# Pascals Triangle by recursion [closed]

Note : My Class Teacher gave me this question as an assignment... I am not asked to do it but please tell me how to do it with recursion

Binomial coefficients can be calculated using Pascal's triangle:

``````            1                   n = 0
1     1
1     2     1
1     3     3     1
1     4     6     4     1       n = 4
``````

Each new level of the triangle has 1's on the ends; the interior numbers are the sums of the two numbers above them.

Task: Write a program that includes a recursive function to produce a list of binomial coefficients for the power n using the Pascal's triangle technique. For example,

Input = `2` Output = `1 2 1`

Input = `4` Output = `1 4 6 4 1`

done this So Far but tell me how to do this with recursion...

``````#include<stdio.h>

int main()
{
int length,i,j,k;
//Accepting length from user
printf("Enter the length of pascal's triangle : ");
scanf("%d",&length);
//Printing the pascal's triangle
for(i=1;i<=length;i++)
{
for(j=1;j<=length-i;j++)
printf(" ");
for(k=1;k<i;k++)
printf("%d",k);
for(k=i;k>=1;k--)
printf("%d",k);
printf("\n");
}
return 0;
}
``````
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## closed as too localized by CrazyCasta, WhozCraig, Blastfurnace, KillianDS, 0x499602D2Dec 2 '12 at 0:34

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Do you actually know what recursion is? – mathematician1975 Dec 1 '12 at 13:38
I can't help wondering why anyone would choose such a wildly inappropriate problem for teaching their students recursion. – NPE Dec 1 '12 at 13:40
Does it have to print the whole triangle, or only the row? – Alberto Bonsanto Dec 1 '12 at 15:28
@Alberto Bonsanto As mentioned in the post, obviously only the row. – user1632861 Dec 1 '12 at 20:17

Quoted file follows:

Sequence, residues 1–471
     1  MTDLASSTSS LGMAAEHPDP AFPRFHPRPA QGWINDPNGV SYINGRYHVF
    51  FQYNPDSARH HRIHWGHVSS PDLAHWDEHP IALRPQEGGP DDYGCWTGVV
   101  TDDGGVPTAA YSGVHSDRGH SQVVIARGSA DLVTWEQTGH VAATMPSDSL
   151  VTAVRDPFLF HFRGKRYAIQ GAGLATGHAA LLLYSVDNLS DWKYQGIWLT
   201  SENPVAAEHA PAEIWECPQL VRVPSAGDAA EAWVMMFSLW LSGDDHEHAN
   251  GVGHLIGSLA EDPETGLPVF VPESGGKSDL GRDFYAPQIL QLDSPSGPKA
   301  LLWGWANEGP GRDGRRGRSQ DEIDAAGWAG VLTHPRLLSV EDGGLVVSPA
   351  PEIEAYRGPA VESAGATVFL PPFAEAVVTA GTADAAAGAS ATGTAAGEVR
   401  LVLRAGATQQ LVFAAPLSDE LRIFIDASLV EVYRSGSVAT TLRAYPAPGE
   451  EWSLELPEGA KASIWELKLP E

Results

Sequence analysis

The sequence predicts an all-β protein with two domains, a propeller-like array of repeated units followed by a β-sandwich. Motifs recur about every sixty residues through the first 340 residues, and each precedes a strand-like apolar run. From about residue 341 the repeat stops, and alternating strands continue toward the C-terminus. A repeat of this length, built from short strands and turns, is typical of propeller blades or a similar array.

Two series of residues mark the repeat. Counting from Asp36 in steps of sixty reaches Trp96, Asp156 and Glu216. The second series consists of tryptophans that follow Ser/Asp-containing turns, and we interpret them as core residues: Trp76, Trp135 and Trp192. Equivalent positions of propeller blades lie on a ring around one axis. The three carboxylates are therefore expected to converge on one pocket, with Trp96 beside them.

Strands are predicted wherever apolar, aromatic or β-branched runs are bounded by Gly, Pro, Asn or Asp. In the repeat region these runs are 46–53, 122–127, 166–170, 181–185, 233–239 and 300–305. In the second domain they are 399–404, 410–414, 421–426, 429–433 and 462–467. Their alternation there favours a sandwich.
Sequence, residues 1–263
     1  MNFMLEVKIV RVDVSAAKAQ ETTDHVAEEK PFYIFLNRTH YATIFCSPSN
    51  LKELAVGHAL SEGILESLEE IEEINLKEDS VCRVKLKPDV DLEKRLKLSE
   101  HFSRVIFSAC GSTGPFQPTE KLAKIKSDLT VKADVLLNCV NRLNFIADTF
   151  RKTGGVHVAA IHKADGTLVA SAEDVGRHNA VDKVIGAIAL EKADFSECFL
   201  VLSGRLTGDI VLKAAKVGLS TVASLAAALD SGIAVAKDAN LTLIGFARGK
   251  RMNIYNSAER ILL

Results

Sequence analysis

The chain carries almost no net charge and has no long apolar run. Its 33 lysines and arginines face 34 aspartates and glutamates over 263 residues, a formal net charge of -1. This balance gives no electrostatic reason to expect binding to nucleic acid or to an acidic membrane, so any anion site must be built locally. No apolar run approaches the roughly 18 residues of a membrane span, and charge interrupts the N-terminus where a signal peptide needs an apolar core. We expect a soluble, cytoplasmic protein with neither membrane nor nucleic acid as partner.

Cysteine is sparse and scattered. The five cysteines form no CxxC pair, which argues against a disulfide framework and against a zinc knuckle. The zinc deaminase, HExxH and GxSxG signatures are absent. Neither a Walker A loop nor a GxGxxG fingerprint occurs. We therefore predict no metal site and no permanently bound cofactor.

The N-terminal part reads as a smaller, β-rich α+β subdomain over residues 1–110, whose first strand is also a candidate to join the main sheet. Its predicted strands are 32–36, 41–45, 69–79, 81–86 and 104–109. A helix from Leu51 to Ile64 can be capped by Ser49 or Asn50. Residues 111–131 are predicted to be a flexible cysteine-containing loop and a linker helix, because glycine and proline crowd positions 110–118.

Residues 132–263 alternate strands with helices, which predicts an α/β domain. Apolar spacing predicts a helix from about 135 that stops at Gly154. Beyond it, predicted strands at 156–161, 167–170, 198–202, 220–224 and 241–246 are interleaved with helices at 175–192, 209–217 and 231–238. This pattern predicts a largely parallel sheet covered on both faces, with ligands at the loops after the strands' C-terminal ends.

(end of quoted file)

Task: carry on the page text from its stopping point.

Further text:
## Method 1:

Simplest way is to use the binomial coefficients. With this method, you have 1 recursive method:

``````// Here is your recursive function!
// Ok ok, that's cheating...
unsigned int fact(unsigned int n)
{
if(n == 0) return 1;
else return n * fact(n - 1);
}

unsigned int binom(unsigned int n, unsigned k)
{
// Not very optimized (useless multiplications)
// But that's not really a problem: the number will overflow
// way earlier than you will notice any performance problem...
return fact(n) / (fact(k) * fact(n - k));
}

std::vector<unsigned int> pascal(unsigned n)
{
std::vector<unsigned int> res;
for(unsigned int k = 0; k <= n; k++)
res.push_back(binom(n,k));
return res;
}
``````

Live example.

## Method 2:

This method use the construction with the formulae:

Here, the only function is recursive and compute one line at a time, storing these result in an array (in order to cache results).

``````std::vector<unsigned int> pascal(unsigned int n)
{
// This variable is static, to cache results.
// Not a problem, as long as mathematics do not change between two calls,
// which is unlikely to happen, hopefully.
static std::vector<std::vector<unsigned int> > triangle;

if(triangle.size() <= n)
{
// Compute for i = last to n-1
while(triangle.size() != n)
pascal(triangle.size());

// Compute for n
if(n == 0)
triangle.push_back(std::vector<unsigned int>(1,1));
else
{
std::vector<unsigned int> result(n + 1, 0);
for(unsigned int k = 0; k <= n; k++)
{
unsigned int l = (k > 0 ? triangle[n - 1][k - 1] : 0);
unsigned int r = (k < n ? triangle[n - 1][k] : 0);
result[k] = l + r;
}
triangle.push_back(result);
}
}

// Finish
return triangle[n];
}
``````

Live example.

## Others methods:

There are some other exotic methods, using the properties of the triangle. You can also use the matrix way to generate it:

No code for it, as it would require a lot of base code (matrices, exponential of matrix, etc...), and it is not really recursive.

On a side note, I think this problem is absolutely not the right problem to teach recursion. There are a lot of better cases for it.

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